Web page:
Type
Scripted
Premiered
Jan. 16, 1995
Status
Completed/Ended
Runtime
60 min.
Country
USA
Network
UPN TV Network

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Star Trek: Voyager » Season 4
Star Trek: Voyager - 04x08 Year of Hell, Part I

4x08 Year of Hell, Part I

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4.5/5 (2 votes)
First Aired: Nov. 05, 1997 on UPN
Summary: Stardate: 51268.4

Voyager becomes ensnared in one man’s obsession to change history, in order to restore the past he wants, and the wife he lost.

Main Characters in this Episode


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Guest Stars

B'Elanna Torres played by Roxann Dawson
Obrist played by John Loprieno
Annorax played by Kurtwood Smith
Ensign Ashmore played by David Keith Anderson
Zahl played by Rick Fitts
Krenim Commandant played by Peter Marx (II)
Voyager Computer voiced by Majel Barrett
Ensign Brooks played by Susan Henley

Episode Quotes

Annorax: If I told you to count the stars in the cosmos - would the task ever be complete?
Captain Kathryn Janeway: Erased from history.
Captain Kathryn Janeway: Seven, we could use a little of that Borg efficiency right about now.

Mistakes/Goofs

  • Goof (errors made by characters, possibly deliberate errors by the filmmakers): In his inaugural address, the Doctor says that he was first activated on stardate 48315. However, in previous episodes, his activation date has been established to be on 48308, most notably in second season's "Projections" (#2.3).
  • Goof (plot holes): After erasing the Garenor civilization from history, Obrist reports that the Krenim Imperium has reverted to a pre-warp state. If that were true, the Krenim warship Voyager had been dealing with at that time should have vanished completely, not just diminished in size. Unless the Krenim in that timeline are so bold to venture into deep space in primitive vessels without warp drive, to confront other, more powerful ships, which seems unlikely.
  • Goof (plot holes): Emergency escape pods are designed for use only in an emergency. They do not have warp drive so they could never reach another star in less than a few decades. They have limited propulsion and extremely limited food, water, and oxygen supply. At best they could keep their crew alive would be for days or perhaps a few months. The plan to use them to fly toward the alpha quadrant is actually worse than staying on voyager.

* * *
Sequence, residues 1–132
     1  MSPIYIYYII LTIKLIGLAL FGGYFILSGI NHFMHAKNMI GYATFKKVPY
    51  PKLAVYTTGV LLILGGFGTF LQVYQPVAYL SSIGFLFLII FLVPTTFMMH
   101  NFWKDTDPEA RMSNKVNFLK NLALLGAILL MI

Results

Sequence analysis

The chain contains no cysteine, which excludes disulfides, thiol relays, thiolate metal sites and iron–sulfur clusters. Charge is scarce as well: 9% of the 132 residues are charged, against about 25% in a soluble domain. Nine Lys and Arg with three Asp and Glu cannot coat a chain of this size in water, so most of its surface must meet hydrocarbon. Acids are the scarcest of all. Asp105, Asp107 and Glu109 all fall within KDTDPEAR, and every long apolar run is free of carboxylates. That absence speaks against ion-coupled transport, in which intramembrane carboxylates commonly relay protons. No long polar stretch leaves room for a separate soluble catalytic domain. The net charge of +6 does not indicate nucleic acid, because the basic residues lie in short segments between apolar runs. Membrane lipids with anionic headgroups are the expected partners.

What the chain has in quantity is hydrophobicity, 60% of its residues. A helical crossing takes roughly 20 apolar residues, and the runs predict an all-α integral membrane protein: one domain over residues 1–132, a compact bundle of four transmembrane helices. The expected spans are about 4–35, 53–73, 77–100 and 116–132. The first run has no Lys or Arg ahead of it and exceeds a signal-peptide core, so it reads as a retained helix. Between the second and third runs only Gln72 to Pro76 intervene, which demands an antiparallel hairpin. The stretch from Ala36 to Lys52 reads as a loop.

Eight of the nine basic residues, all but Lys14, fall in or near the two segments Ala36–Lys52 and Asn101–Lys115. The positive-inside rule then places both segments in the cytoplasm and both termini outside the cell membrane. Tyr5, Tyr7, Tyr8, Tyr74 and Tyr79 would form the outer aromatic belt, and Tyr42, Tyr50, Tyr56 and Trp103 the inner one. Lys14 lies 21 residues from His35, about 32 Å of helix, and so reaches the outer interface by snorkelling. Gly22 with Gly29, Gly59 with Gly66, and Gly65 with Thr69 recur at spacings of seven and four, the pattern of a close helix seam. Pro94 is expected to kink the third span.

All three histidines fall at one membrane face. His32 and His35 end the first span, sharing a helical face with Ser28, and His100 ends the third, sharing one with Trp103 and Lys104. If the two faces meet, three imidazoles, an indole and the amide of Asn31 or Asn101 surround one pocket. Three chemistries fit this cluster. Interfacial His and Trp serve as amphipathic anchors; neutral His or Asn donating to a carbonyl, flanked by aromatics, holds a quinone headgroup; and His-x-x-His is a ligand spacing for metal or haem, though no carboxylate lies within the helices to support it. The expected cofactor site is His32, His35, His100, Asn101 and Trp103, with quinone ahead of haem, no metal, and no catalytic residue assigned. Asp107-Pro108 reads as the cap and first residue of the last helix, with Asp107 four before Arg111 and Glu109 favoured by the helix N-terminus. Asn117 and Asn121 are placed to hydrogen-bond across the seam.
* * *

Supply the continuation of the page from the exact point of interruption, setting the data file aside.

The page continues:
• Goof (errors made by characters, possibly deliberate errors by the filmmakers): Tom Paris makes two incorrect statements when discussing the steamship Titanic with Captain Janeway & Chakotay. First, he tells them that the Titanic's transverse bulkheads were designed to "drop into place" should the ship sustain damage. Not true - these bulkheads were secured steel walls built directly into the ship and were not designed or capable of moving in any way. Second, he tells them that the Titanic's transverse bulkhead design would allow the Titanic to stay afloat even if "half the ship" was full of water. Not true - the Titanic was designed to stay afloat with any two of its 16 watertight compartments (separated by the aforementioned bulkheads)fully flooded, or even the first four forward compartments fully flooded (the Titanic sank because at least five of the forward compartments were opened to the sea). Obviously, "half the ship" represents much more area than five watertight compartments and so Tom Paris' statement is way off.

Trivia

  • Captain Kathryn Janeway's birthday is May 20th.
  • 47-references: like previously in "Before and After", the temporal variance of the chroniton torpedo lodged in the ship is 1.47 microseconds. Coincidentally, Seven determines that variance on day 47.
  • This was originally supposed to be the third season finale. There were some minor rewrites, with many of Kes' lines given to Seven of Nine.
  • In one scene, Seven of Nine tells Harry Kim and B'Elanna Torres that the Borg were present when Zefram Cochrane launched his first warp-driven starship. She claims it is "complicated" when they ask her to elaborate. This is an acknowledgment of the events of Star Trek: First Contact, in which the Borg travel through time to assimilate Humans and remove their resistance.
  • This episode (together with "Year of Hell: Part 2") was inspired greatly by Jules Verne's "20,000 Leagues Under The Sea". The name of the character Annorax was derived from the main character of that story, Pierre Aronnax.
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